At this year’s convocation for the Class of 2025, keynote speaker Sherry Turkle discussed the importance of face-to-face conversation and putting down technology, while a sea of Boston College freshmen spoke over her, looked at their phones, and trickled out through the exits.
Freshmen attended the event in person in Conte Forum, but Turkle spoke virtually and was projected on a large screen. While Turkle reflected on her book, Reclaiming Conversation: The Power of Talk in the Digital Age, students talked over her.
Miki Sauska, MCAS ’25, said that some freshmen found the online format of the speech to be ironic given Turkle’s message of stepping away from technology.
“I think in person would have been better, especially given that the subject matter of the required reading for us was entirely about reducing the amount that we use technology, and … I just think it didn’t really go over that well,” Sauska said.
In her speech, Turkle spoke about the need for solitude, which she said can be attained by stepping back from technology to reflect on oneself. COVID-19 provided ample time for these moments of reflection, according to Turkle.
“For me, quarantine was a moment of stepping back and deep reflection,” she said. “To move forward we need to get distance.”
As Turkle spoke on practicing solitude, freshmen continued to make conversation.
“It’s the same way you set aside time for money, or you set aside time for calling back home or being with your friends,” Turkle said. “You just discipline yourself to say that some time without any technology when I’m just focusing on myself, is really important to my self-care.”
The goal of all this reflection, according to Turkle, is to form stronger personal identities, which enable meaningful conversation. Turkle said that without a sense of identity, people can’t truly engage with one another as their true selves.
“Because if you can’t be content with yourself, you look to others to tell you who you are,” Turkle said.
Turkle said that instead of taking away from her work, COVID-19 added even more meaning for her, as it reemphasized the fundamental nature of conversation and human connection.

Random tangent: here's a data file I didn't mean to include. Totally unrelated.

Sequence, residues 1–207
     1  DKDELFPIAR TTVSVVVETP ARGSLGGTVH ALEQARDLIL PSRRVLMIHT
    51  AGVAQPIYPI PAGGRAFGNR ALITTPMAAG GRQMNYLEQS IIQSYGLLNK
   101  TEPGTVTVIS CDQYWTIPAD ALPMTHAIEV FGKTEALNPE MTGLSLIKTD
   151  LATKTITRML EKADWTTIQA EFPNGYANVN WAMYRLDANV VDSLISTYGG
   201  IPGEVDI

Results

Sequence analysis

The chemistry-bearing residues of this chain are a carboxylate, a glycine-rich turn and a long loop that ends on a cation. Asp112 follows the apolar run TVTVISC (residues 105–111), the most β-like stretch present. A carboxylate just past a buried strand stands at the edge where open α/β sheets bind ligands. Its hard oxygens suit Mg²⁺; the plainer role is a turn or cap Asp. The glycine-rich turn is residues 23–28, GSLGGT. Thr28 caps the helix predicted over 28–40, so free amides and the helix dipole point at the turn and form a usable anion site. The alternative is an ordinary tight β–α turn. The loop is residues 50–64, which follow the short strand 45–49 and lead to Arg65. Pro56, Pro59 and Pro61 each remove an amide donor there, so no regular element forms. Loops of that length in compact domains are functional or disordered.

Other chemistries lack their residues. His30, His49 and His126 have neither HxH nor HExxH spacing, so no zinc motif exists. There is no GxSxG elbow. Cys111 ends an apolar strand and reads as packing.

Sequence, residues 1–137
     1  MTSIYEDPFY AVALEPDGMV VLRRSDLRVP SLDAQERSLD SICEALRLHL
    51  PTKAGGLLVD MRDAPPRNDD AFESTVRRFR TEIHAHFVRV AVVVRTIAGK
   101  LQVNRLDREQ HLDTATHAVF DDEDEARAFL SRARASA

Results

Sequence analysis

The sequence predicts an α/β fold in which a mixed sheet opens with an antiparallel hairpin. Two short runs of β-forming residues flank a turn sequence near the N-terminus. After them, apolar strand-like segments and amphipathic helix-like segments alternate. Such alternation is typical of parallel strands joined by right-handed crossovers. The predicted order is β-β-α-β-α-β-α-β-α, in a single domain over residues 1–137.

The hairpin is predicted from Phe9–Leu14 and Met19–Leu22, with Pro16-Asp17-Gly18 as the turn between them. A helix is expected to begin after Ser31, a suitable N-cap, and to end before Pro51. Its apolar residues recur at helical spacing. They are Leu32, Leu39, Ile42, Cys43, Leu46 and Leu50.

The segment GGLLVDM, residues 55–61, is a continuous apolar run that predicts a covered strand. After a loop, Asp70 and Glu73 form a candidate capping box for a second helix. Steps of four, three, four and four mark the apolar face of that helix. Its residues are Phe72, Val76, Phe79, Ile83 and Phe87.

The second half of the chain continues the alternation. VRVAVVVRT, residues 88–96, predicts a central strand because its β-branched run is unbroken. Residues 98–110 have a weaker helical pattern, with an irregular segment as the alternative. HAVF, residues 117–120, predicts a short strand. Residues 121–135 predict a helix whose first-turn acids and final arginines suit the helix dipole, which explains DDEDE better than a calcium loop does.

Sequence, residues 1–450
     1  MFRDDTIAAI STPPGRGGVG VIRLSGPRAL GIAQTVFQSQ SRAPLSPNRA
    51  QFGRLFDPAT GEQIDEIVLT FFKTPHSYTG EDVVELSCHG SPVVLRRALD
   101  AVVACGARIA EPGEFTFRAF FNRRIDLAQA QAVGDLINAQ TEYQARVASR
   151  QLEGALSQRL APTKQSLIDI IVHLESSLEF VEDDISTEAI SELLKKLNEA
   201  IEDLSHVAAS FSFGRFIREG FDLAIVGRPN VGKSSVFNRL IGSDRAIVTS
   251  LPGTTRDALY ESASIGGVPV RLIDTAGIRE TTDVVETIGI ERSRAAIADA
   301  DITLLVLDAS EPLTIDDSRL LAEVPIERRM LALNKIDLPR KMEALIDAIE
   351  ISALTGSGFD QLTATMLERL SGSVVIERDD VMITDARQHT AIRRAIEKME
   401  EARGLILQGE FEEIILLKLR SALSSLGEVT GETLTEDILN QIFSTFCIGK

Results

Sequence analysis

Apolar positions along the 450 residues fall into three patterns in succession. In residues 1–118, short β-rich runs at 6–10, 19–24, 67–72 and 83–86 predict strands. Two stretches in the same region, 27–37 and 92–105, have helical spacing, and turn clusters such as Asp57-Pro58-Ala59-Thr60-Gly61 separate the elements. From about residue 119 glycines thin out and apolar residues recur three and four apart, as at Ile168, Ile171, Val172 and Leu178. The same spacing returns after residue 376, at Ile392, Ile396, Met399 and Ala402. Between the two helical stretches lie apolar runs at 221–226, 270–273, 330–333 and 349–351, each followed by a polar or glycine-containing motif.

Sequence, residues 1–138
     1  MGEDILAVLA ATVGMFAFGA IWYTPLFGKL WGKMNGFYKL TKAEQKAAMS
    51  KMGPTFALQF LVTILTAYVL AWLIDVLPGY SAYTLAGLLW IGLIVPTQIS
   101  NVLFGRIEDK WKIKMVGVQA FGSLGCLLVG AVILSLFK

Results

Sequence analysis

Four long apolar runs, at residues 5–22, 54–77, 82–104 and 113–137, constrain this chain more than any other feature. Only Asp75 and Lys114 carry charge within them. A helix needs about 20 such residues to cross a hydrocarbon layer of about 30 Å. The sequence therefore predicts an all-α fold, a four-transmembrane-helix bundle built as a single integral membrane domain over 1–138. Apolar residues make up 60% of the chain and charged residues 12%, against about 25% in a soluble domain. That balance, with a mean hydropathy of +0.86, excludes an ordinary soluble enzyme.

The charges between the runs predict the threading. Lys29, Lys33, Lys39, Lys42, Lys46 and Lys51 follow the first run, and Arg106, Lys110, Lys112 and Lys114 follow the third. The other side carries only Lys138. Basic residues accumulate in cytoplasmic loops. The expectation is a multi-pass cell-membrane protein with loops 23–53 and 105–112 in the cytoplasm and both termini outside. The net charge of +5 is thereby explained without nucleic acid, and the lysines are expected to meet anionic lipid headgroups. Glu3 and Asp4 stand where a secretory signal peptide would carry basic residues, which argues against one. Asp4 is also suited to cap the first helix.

“I wanted solitude, I did not want solitary confinement,” Turkle said. “So, I think we’ve all come out of this knowing that conversation is the oxygen that we need. And when you deprive people of conversation, it is very serious.”
Turkle continued, discussing the complex role of conversation and technology in racial and social justice issues, and said people need to be sophisticated and critical users of social media.
“I see it as a tool in the fight for justice, and I see it as one of the major sources of disinformation and profiling and algorithmic injustice in our country and in the world,” she said.
Freshmen quickly exited at the conclusion of the event.
Because of several aspects of convocation—the speaker appeared virtually, rain prevented the traditional walk down Linden Lane, and conversation and low speaker volume made it difficult to hear Turkle—Sauska thinks many freshmen had a hard time engaging.
“I think that maybe the way that they went about just presenting it could have been done a lot better, and it could have just been the way that it was presented that would have changed the results dramatically,” he said.
Sauska said that despite all these challenges, students were still disrespectful, and he hoped Turkle could not see or hear the crowd.
“I think obviously the students are still at fault, we were still being jackasses,” he said. “We still weren’t being attentive, we weren’t being respectful, and that’s our fault, but I think that it wasn’t exactly an environment that made it easy to be.”
Featured Image by Ikram Ali / Heights Editor
Video by Erin Shannon / Heights Editor
Update 9/10/2021 4:39 p.m.: This article was updated to include the video from inside Conte Forum and the student interview.